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3 steps for teaching cybersecurity in the classroom 

Here's how a school district in Texas with limited cyber-savvy taught cybersecurity to its junior-high and high-school students.

5 min read


3 steps for teaching cybersecurity in the classroom 


Students live much of their lives online, especially now with the transition to remote learning. Cybersecurity skills are a must. They need to understand how to safely navigate this digital world, taking advantage of its offerings while avoiding the dangers of its darker corners.

Our district, Hurst-Euless-Bedford Independent School District in Bedford, Texas, launched its first cybersecurity class for seventh-grade students in 2018. When we began our journey, there were no cybersecurity experts among the teaching staff — we just had a sense of urgency to provide a high-quality curriculum for our students. We wanted to equip them with skills they could use now and take into the workforce. We discovered, an organization aimed at K-12 cybersecurity education and workforce development. We worked with them to create a program, based on three core principles, that has become a training ground for our students. 

Laying the Groundwork 

Several cyber curricula are available for grades 9-12 but none that begin at the junior high or middle school level so we built our own. It’s designed for grades 7 and 8. We wanted to give students a foundation of cybersecurity knowledge and skills that would prepare them for high school coursework and later, industry certifications. 

Our curriculum features a sequence of concepts from the first-level high school cybersecurity course taught in the ninth grade. It takes into account the preexisting knowledge and the maturity level of the student. Concepts include Hardware/Operating Systems, Software (including malware), Networks, Coding, Cryptography, Digital Citizenship/Cyber Safety, Career Explorations and Ethics/Law (including ethical hacking). We then focused our professional development efforts in these areas.

Vertical Alignment

Cybersecurity curriculum is rigorous; it can be intimidating for educators who have no background in the field. Our vertical program — concepts presented in sequence over three years — aims to remove the fear factor. It breaks complex ideas into smaller concepts, making it easier for teachers and students to gain confidence and mastery.  

In our program, we introduce a concept in seventh grade, expand on it in eighth grade, then assess for mastery in ninth grade, using the Texas Essential Knowledge and Skills for the Foundations of Cybersecurity Course as our guide. For example, in the Cryptography track, students spend their seventh grade year learning the basics — what cryptography is, its purpose and why data needs to be encrypted. The following year, they research historical uses of cryptography and investigate different methods, including shift ciphers, substitution ciphers and Morse code ciphers. In ninth grade, students create their own ciphers and compete in an ethical hacking competition to demonstrate mastery of the concept.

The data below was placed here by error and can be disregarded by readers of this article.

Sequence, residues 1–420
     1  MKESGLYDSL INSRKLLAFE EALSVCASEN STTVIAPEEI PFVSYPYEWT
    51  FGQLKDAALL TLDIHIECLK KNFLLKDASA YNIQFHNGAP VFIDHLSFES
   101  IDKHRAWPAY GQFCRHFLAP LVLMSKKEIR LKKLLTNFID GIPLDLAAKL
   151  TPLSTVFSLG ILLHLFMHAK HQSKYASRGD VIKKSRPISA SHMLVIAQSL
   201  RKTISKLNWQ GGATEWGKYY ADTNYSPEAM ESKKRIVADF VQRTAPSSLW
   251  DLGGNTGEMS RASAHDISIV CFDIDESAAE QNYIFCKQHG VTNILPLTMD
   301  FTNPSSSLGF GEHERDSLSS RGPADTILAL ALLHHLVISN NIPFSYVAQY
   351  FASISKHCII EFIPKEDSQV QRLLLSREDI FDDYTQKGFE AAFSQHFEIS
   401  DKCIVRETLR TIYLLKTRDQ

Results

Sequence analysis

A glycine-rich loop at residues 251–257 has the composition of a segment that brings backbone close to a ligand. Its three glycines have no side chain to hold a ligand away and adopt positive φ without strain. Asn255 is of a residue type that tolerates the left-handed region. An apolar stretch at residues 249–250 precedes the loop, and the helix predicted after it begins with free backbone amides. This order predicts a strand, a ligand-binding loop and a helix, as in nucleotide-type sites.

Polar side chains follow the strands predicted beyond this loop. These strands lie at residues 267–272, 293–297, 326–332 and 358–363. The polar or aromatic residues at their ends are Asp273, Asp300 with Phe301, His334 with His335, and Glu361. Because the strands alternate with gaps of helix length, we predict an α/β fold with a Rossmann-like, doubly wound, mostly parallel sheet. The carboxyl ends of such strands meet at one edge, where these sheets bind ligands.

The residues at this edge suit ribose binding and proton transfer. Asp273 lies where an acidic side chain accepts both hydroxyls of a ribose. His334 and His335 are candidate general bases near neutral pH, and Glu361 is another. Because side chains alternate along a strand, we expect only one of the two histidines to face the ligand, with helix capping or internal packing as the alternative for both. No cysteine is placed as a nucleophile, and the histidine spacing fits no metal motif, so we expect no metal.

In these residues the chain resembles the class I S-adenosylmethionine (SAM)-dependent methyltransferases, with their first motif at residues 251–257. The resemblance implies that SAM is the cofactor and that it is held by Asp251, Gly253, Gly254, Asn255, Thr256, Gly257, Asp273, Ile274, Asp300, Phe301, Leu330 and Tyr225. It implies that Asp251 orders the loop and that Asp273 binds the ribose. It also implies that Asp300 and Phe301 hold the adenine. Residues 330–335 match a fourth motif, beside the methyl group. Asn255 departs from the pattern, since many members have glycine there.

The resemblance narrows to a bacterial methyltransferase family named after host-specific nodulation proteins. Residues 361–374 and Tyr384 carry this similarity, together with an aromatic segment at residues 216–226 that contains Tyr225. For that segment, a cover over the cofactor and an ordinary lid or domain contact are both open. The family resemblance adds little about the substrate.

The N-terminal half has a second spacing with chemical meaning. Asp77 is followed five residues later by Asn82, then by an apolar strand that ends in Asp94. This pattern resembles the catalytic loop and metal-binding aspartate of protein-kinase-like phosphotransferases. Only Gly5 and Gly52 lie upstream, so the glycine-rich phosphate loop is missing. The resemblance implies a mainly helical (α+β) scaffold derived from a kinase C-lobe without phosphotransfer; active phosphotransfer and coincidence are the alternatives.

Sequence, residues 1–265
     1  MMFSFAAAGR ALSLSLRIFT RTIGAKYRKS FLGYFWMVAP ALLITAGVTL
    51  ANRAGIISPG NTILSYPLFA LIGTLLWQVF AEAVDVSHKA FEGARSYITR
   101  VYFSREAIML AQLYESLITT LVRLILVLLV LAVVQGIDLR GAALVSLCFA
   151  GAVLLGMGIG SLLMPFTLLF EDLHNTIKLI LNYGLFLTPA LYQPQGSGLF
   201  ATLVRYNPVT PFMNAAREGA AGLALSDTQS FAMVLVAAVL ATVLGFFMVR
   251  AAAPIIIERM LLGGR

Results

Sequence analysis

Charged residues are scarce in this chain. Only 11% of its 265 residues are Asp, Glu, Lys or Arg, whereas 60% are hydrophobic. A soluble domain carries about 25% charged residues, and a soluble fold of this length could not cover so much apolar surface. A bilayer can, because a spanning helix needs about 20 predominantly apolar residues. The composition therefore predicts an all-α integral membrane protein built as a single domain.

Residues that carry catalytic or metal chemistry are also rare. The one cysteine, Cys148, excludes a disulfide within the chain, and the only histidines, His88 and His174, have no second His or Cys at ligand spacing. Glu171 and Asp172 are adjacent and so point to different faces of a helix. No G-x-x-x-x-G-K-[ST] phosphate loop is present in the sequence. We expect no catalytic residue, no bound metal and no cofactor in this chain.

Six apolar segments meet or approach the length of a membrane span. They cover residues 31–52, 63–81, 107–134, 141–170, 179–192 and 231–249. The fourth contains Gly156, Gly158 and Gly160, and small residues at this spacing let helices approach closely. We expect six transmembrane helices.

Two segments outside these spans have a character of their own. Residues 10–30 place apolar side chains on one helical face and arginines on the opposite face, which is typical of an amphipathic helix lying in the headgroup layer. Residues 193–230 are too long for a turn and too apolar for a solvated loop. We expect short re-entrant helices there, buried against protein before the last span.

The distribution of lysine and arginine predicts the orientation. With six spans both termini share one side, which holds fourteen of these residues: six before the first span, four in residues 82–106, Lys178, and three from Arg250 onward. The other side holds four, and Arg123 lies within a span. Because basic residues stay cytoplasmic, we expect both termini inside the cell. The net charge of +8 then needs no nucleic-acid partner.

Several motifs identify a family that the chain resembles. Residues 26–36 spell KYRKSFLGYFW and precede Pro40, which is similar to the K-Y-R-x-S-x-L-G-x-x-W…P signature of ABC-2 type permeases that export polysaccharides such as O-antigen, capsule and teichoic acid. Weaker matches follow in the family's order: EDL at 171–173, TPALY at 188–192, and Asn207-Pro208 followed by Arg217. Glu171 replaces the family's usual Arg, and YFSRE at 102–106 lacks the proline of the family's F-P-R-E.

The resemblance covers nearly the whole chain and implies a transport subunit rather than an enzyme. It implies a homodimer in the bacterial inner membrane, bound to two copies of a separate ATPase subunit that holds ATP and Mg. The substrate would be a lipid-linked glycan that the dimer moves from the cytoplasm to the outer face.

Strong Support System hosts the Cyber Education Discovery Forum, a three-day event, held each summer, for K-12 educators who teach cybersecurity programs. Breakout sessions and full-day workshops outlined tactics for teaching different security topics, getting students interested and exposing them to potential career opportunities in this field. 

I attended the Cyber Fundamentals with micro:bit workshop. It taught the basics of block-based coding using the micro:bit, a pocket-sized programmable computer. This is perfect for our elementary-school computer-science students. We are considering ways we can use this tool to introduce coding and cyber concepts in the early grades, then build on those ideas in junior-high school.

We leaned heavily on support for our program rollout. They fielded questions about the curriculum and walked us step-by-step through the answers. And when we requested additional research materials — to better understand the curriculum and implement it properly — they were quick to supply us with what we needed. 

Considering a program like this for your school? Here are some lessons we learned from our experience.

  • No cyber skills or experience? No problem. You don’t need to put together a team of cybersecurity or coding experts for your entry-level classes. These are learnable skills, with the proper professional development. Teachers who are curious, eager and enjoy a challenge are perfect candidates.
  • Choose the right partner. Get a partner like that works closely with you and tailors PD to your needs. Our workshops were aligned to our skill level and curriculum goals. Attendees were even able to switch workshops, at any time, to make the most of their time. 
  • Consider teaching in small group settings. This is rigorous material. Working in small groups helps make students — especially our English-language learners — feel more comfortable and willing to ask questions.
  • Keep it real world. Integrate current events into your lessons and classroom discussions. Our students knew that we were training them for industry certifications. That goal was always in their sights. It not only helped keep them motivated, it put everything we did into a real-world context.

Kiera Elledge is the STEM coordinator for the Hurst-Euless-Bedford Independent School District in Bedford, Texas. She has recently focused on developing and implementing a three-year cyber curriculum for two of the district’s five junior high schools.  


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